EC8-3/2005, 197, 305, 609, 611, 614–615,
630–632, 634, 638–639, 644, 720–722
performance requirements, 115–121, 123,
630
Lithospheric plates, 89, 91
motion system of, 91
Load cases, 80, 121, 179, 184, 323, 458
Load transfer, 126, 312, 416, 674–675, 677,
681, 688, 707, 714
anchoring of new reinforcement, 678
clamping effect of steel across interfaces,
677
compression against pre-cracked interfaces,
675
constitutive law of adhesion, 677
dowel action, 461, 674, 678
formalistic models for concrete-to-concrete
friction, 676
friction between non-metallic materials, 676
friction coefficients for masonry, 676
load transfer through resin layers, 677
monotonic and cyclic compression, 675
welding of steel elements, 679
Load vector, 191, 214
Local seismic demands, 622, 625782 Index
M
M-diagram, 269
Magnifier factor, 167; see also Behaviour factor
main requirements of concept design, 732,
see also Behaviour factor
seismic isolation horizontal level, 733
Masonry infilled frames, 158; see also Seismicresistant R/C frames
advantages and disadvantages, 179–180, 416
adverse effects on columns adjacent to, 421
Code provisions, 224, 286, 342, 355, 383,
397, 402, 411, 417, 461, 478, 481, 511
compression diagonal model, 420
design and detailing, 34, 147, 170, 421, 522,
633
forms of, 177, 295, 321, 503
irregularities, 178, 419–420, 422, 591, 640,
651–652
lateral load-displacement loops, 418
structural behaviour of, 146, 421, 451–452,
455, 476, 479, 506, 508, 521, 650
maxD, 218
Maximum bonding action balancing, 715
MDOF, 18, 23, 36–37, 40, 200, 202–206, 212,
214, 252, 614, 616–617, 621–622,
625–627, 629, see Multi-degree of
freedom (MDOF)
Medvedev, 92; see also Sponeur; Karnik scale
(MSK scale)
Metal towers, 601–602
Mexico City earthquake, 16–17, 565, 577, 581,
585, 589, 591, 653
acceleration spectra of, 16
ground stratification of Mexico City, 17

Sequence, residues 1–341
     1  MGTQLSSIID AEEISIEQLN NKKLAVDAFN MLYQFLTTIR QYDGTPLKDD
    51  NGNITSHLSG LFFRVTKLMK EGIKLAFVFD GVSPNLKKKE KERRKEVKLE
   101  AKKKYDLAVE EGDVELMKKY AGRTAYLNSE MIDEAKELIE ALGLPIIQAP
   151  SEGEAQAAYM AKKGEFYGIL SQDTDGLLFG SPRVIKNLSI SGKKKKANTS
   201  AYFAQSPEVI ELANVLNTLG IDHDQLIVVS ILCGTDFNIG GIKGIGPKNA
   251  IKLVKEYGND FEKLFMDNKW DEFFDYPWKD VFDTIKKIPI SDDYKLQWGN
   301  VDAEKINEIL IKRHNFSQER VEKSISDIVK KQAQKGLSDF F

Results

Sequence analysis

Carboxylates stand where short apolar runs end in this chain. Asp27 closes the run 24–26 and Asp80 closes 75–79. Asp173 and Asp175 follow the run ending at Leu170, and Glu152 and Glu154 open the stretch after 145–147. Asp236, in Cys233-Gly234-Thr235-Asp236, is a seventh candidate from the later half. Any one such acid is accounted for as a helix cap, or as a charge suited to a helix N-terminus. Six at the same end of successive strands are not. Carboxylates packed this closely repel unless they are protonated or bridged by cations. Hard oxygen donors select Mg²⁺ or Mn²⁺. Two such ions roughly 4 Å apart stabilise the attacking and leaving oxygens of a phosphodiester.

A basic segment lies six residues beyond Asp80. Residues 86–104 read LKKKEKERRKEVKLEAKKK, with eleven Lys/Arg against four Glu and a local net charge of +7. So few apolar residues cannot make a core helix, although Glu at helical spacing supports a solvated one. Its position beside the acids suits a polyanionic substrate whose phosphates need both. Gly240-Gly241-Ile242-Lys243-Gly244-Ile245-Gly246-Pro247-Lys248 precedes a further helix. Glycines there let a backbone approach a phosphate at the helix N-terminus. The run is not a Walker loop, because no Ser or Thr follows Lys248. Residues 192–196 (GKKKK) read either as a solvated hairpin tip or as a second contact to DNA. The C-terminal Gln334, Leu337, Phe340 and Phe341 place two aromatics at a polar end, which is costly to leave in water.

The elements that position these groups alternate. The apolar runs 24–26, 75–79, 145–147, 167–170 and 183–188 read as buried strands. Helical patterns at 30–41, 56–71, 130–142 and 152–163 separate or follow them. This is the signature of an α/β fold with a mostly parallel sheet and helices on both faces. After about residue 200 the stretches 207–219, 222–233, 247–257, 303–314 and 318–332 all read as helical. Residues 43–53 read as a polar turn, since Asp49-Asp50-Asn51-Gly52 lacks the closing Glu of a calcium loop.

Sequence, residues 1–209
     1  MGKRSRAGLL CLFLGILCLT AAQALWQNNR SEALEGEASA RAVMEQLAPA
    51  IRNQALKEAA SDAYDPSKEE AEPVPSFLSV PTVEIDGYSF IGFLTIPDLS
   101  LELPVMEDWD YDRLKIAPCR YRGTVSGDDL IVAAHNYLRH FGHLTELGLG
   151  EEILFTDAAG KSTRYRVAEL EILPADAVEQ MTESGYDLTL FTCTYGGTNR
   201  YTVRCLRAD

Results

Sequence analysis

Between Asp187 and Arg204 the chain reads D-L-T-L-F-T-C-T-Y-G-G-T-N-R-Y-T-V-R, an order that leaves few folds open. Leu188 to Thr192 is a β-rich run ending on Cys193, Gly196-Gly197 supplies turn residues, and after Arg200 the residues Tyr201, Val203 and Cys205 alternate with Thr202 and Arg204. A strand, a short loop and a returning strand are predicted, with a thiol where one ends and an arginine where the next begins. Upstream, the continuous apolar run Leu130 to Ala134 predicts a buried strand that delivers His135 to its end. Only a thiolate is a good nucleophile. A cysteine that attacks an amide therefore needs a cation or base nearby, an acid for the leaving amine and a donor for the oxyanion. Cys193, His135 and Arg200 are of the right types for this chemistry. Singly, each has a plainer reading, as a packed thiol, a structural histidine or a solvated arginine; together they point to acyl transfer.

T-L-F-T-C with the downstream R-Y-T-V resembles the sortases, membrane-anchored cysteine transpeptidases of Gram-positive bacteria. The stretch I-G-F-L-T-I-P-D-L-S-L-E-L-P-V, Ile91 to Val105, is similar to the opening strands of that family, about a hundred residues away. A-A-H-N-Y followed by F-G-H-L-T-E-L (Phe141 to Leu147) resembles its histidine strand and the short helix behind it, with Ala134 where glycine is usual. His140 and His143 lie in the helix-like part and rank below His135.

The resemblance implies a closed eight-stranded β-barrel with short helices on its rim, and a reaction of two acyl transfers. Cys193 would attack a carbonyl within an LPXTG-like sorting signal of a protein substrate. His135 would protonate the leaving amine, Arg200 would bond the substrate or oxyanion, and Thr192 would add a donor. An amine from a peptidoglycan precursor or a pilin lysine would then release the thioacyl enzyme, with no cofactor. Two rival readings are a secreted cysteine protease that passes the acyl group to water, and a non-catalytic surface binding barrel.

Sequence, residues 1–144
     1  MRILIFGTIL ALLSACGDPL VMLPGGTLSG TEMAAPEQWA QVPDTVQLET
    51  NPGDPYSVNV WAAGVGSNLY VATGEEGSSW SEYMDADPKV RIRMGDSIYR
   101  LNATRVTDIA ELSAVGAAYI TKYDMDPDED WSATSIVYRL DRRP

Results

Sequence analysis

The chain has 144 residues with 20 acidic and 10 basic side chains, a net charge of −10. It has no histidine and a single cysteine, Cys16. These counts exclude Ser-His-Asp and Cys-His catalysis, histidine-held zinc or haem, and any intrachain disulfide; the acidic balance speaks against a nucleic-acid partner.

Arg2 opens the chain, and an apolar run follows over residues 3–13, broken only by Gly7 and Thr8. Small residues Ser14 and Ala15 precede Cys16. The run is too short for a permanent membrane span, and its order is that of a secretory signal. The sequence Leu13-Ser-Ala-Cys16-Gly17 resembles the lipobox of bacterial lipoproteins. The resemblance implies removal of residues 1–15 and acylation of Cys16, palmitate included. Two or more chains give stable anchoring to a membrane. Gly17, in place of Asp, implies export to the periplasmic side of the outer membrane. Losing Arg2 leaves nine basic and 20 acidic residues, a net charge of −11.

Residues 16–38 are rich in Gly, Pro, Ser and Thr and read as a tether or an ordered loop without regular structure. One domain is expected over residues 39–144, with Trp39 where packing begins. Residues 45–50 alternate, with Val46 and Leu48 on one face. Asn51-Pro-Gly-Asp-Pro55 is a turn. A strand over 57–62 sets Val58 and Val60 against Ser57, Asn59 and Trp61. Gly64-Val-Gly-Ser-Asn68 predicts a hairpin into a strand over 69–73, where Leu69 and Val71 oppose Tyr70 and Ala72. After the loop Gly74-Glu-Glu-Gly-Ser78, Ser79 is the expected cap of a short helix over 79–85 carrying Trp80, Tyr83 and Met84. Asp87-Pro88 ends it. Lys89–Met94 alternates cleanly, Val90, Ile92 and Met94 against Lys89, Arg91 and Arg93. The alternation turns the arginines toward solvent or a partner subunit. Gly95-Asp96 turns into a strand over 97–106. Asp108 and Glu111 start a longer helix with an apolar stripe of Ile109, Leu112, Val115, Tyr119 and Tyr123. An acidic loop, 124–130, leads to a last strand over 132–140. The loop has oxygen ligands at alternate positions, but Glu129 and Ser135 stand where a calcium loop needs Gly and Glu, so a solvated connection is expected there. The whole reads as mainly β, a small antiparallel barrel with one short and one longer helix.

MM scale, 92, 95, see Modified Mercalli scale
(MM scale)
modal linear analysis for buildings with seismic
isolation, 754, see Modified Mercalli
scale (MM scale)
modal linear analysis for buildings with
supplemental damping, 755
Modal response spectrum analysis, 3–4, 18,
40, 100, 159, 179, 181, 189, 218, 224,
227, 239, 478, 546, 638, 646; see also
Multi-degree of freedom elastic system
analysis
CQC, 43, 227, 239, 489
modal participation, 41–42, 58, 190
natural periods and normal modes, 40
Ritz vector analysis, 191
storey and wall shears, 191
variation of correlation coefficient, 44
Modification factor, 625–626
Moment diagrams, 150, 175–176, 269, 271,
301, 321, 325, 366, 423, 475
bending moment diagram, 177, 322, 488,
563, 565, 586
M-V diagrams, 324
of frame beams, 323
of seismic actions, 325, 639
Moment-rotation, 193, 456, 645
Monotonic and cyclic compression, 675
MRF, 203, 216, 218, 735, see Moment resisting
frame (MRF)
Multi-degree of freedom (MDOF), 18; see also
Equivalent SDOF systems
equation of vibration of, 7, 205
modal deformation of, 204
N
N2 method, 215, 615–616, 629; see also
Displacement-based design (DBD)
capacity spectrum, 200, 616, 618–619, 622,
624–625, 629
demand spectra, 618–619, 623–624, 629
elastic acceleration response spectrum, 85,
89, 101, 110, 120, 620, 626, 642
equivalent SDOF elastoplastic model, 617
global target displacement, 621, 625
local seismic demands, 622, 625
performance evaluation, 202, 622, 625
transformation factor, 208, 618
unlimited elastic behaviour, 620
National Institute of Standards and Technology
(NIST), 629
Natural period, 8–11, 13–16, 18, 39, 43, 92,
112, 652
NC, 120, 199, 630–631, 633, 647–650, 655,
752, see Near Collapse (NC)
NDT, 635, 637, see Non-destructive test (NDT)
Near Collapse (NC), 120, 630, 633
compliance criteria, 119–123, 276, 285, 630,
632–633
Newton’s second law of translational motion,
52
NIST, 629, see National Institute of Standards
and Technology (NIST)
Non-linear methods of analysis, 647
Non-linear static analysis, 200, 615, 642–643,
655, see Push-over analysis
Non-linear time-history analysis, 643
Non-structural elements, 243, 282–283, 416, 652
O
Olympia tower, 144
P
P-δ curve, 200, 342; see also Inelastic analysis
methods
Partial safety factors, 80, 259, 523, 540–541,
577, 630, 634, 639
Passive energy dissipators, 90
Peak ground acceleration (PGA), 1, 16, 79, 217
Peak ground displacement (PGD), 20Index 783
Performance evaluation, 202, 622, 625
Performance levels, 116–120, 630–632; see also
Performance-based design
seismic excitation, 116, 118–120, 164, 169,
203, 288, 526–527, 565, 574, 580, 587,
589, 595, 631, 738
Performance-based design, 3, 80, 116; see also
Performance-based design
damage limitation requirement, 118
performance requirements, 79, 81, 83, 85, 87,
89, 91, 93, 95, 97, 99, 101, 103, 105,
107, 109, 111, 113, 115–121, 123, 630
seismic excitation levels, 631
PGA, 1–2, 16, 22, 67, 79, 92, 96–98, 101,
103, 113–115, 215, 217, 231, see Peak
ground acceleration (PGA)
PGD, 20, see Peak ground displacement (PGD)
Pile foundation, 526, 539, 546
Pitching effect